City Staff Mum on Ransomware Attack Details

City of Dallas Seal
City of Dallas Seal | Image by D Guest Smith/Shutterstock

City officials discussed the aftermath of the alleged ransomware attack against the City of Dallas on Wednesday, but staff declined to answer many questions from council members, saying it would be more appropriate to address certain concerns in a closed executive session.

Staff delivered an “After Action Review” of the purported ransomware attack to council members during a briefing. The presentation was intended to be delivered two weeks ago but was postponed. Its contents have been previously covered by The Dallas Express.

Staff revealed that more than a full terabyte, or the equivalent of more than 800,000 files, of City data was obtained by hackers between April 7 and May 3. The incident is currently under investigation by federal officials.

Council Member Paul Ridley asked staff how hackers obtained the credentials used to access City systems, but Chief Information Office Bill Zielinski said that question would have to be answered during an executive session not open to the public.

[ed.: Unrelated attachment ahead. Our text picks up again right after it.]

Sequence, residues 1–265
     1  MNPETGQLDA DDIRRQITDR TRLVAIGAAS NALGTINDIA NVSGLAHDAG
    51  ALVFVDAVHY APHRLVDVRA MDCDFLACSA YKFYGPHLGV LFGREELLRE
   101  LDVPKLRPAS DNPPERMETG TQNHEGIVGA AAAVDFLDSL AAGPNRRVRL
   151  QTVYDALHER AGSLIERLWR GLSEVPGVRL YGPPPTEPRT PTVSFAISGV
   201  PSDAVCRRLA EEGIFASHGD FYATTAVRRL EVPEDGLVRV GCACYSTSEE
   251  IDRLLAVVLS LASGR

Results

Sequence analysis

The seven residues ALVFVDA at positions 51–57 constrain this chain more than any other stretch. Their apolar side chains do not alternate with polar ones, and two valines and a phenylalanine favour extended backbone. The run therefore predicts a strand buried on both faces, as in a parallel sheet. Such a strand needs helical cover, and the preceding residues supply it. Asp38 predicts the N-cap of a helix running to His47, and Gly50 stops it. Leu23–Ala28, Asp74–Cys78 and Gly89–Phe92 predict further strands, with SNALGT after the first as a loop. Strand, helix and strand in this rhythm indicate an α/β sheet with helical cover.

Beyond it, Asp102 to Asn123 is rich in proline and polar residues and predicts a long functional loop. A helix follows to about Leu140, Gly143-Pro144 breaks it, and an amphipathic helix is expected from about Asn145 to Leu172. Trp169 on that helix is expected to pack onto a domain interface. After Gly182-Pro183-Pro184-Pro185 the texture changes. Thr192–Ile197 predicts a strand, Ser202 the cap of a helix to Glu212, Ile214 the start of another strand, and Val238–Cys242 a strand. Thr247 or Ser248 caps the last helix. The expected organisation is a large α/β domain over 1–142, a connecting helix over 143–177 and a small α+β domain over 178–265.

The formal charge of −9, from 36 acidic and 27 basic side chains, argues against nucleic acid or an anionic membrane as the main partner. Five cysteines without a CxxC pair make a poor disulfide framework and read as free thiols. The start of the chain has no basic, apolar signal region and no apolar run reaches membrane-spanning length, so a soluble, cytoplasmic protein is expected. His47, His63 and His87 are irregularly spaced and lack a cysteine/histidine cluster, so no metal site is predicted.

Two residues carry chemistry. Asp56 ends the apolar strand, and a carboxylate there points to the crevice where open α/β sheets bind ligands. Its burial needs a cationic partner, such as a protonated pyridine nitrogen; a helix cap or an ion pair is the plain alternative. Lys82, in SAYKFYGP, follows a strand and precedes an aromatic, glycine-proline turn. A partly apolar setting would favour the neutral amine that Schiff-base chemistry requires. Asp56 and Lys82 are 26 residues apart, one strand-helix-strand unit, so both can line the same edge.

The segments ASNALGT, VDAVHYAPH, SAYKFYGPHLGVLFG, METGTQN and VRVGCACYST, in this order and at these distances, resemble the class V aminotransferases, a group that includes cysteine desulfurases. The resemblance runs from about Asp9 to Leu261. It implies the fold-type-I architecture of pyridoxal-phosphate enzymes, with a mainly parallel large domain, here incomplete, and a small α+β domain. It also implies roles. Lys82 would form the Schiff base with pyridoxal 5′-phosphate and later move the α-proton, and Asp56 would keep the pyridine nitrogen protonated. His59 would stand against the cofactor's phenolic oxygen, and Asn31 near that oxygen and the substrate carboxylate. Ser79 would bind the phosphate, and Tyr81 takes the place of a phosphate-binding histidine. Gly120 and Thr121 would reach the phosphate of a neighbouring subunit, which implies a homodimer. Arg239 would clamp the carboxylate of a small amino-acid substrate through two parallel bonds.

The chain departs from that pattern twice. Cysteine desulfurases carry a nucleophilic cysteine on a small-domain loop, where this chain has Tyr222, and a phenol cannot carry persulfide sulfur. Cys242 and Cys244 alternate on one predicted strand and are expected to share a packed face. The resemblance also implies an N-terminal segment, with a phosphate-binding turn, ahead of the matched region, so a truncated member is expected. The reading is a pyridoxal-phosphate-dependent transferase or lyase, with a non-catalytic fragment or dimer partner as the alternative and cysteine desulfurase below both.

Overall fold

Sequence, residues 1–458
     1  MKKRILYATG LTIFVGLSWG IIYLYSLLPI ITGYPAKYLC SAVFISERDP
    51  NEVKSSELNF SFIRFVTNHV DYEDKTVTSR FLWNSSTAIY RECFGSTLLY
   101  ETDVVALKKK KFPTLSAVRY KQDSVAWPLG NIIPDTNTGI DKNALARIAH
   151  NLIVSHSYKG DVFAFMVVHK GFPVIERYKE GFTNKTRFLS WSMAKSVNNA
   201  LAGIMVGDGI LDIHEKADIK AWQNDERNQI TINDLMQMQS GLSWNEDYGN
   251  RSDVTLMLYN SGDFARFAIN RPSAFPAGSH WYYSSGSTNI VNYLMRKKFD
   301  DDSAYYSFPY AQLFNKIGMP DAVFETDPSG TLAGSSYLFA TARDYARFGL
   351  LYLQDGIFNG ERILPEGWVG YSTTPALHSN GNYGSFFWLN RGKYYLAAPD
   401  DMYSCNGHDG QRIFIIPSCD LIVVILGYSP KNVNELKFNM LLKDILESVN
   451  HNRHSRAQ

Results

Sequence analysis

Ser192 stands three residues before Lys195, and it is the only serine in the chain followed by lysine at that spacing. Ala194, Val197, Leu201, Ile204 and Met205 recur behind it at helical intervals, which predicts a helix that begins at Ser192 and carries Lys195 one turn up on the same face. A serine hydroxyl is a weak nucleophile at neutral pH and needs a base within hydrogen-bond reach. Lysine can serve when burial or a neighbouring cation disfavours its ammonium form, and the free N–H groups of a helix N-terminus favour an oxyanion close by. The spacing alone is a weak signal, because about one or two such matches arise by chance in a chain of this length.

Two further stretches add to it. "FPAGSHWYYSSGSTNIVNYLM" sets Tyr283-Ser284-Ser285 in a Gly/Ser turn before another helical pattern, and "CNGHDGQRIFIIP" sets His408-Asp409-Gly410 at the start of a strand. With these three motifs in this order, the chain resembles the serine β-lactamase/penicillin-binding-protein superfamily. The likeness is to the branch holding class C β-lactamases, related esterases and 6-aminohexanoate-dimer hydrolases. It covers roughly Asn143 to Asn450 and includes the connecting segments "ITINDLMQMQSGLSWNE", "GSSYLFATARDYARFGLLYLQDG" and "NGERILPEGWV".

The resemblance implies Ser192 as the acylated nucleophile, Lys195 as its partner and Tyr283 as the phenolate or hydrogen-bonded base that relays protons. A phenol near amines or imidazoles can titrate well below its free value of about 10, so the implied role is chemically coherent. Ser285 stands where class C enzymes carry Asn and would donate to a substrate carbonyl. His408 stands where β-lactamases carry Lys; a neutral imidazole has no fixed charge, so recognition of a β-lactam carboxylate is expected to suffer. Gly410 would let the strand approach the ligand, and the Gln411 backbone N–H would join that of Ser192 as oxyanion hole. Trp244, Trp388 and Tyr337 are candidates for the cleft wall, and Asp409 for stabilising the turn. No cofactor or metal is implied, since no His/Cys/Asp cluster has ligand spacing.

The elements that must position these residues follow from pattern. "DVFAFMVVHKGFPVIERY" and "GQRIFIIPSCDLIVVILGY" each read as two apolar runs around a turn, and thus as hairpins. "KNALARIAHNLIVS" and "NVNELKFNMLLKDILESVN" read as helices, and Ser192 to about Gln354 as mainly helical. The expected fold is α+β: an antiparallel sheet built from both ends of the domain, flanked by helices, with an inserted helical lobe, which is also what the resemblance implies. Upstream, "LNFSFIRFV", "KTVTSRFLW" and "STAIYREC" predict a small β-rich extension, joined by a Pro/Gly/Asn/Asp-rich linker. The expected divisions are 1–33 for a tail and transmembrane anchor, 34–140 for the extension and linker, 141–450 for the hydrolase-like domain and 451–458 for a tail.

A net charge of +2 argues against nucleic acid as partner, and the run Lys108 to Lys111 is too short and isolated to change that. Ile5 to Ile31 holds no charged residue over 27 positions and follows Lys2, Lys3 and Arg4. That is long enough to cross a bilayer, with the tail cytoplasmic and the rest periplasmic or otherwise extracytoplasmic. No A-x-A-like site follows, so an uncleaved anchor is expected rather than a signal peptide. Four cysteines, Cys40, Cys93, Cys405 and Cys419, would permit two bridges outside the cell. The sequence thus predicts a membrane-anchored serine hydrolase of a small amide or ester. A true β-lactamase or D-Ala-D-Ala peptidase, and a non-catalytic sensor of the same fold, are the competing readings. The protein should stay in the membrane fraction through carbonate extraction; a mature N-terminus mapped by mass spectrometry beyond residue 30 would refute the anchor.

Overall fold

Council Member Cara Mendelsohn asked how far back the files that hackers stole go, but Zielinski also recommended that topic not be discussed in an open session.

City staff previously claimed no sensitive information was stolen during the attack but later flipped the script and admitted such information was stolen. Mendelsohn asked Zielinski to clarify this discrepancy.

“There are aspects of that [which] I cannot answer,” he said. “As the forensics investigation progressed and we gained more information — that’s why early on we said, ‘At this point, we do not have an indication that they have data,’ but as we completed that forensics investigation and worked with the cyber experts as well as obtaining other information — that’s what allowed us to get to a point of fidelity around what we believe was accessed by the threat actor.”

Per City Attorney Tami Palamino’s guidance, staff also declined to publicly share whether stolen files were “stored improperly.”

As previously reported by The Dallas Express, hackers allegedly stole the personal information of more than 26,000 people, including children. The City had previously insisted that such data had not been compromised, claiming there was “no indication that data from residents, vendors, or employees has been leaked.”

However, City Manager T.C. Broadnax maintains the City did a “great job” responding to the purported ransomware attack. He maintained that the City’s overall response was successful but admitted its messaging was poor.

The alleged attack has cost the City millions of taxpayer dollars, as previously covered by The Dallas Express.

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